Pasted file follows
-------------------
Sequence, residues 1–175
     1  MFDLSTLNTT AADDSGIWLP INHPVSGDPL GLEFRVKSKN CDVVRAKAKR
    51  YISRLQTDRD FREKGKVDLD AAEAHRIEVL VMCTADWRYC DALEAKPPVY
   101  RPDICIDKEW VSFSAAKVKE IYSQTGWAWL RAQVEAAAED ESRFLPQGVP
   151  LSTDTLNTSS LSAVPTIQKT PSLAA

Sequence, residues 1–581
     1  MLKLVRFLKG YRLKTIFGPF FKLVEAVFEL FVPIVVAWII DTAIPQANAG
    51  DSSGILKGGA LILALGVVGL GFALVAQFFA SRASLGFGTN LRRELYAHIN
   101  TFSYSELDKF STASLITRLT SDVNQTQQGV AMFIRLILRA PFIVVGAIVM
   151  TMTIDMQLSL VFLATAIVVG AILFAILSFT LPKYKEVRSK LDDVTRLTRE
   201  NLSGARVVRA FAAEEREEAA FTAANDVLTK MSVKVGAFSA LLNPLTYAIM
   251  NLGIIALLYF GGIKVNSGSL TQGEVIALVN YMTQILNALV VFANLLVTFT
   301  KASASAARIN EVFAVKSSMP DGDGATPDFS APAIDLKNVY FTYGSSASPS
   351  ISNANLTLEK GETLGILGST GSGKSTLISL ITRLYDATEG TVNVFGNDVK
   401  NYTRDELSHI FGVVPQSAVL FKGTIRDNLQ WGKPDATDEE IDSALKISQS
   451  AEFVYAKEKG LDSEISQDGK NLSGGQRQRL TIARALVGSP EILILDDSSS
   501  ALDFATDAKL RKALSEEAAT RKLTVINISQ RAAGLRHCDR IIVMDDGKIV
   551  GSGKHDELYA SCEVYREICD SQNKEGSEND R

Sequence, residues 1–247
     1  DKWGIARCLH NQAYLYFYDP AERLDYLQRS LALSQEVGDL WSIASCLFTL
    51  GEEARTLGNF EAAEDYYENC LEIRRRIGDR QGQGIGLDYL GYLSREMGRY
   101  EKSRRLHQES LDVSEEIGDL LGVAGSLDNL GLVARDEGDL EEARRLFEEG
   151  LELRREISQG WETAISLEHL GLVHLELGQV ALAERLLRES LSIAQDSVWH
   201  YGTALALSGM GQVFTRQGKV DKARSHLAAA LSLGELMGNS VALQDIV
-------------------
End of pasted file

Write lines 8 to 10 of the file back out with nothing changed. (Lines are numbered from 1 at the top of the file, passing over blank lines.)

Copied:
    51  DSSGILKGGA LILALGVVGL GFALVAQFFA SRASLGFGTN LRRELYAHIN
   101  TFSYSELDKF STASLITRLT SDVNQTQQGV AMFIRLILRA PFIVVGAIVM
   151  TMTIDMQLSL VFLATAIVVG AILFAILSFT LPKYKEVRSK LDDVTRLTRE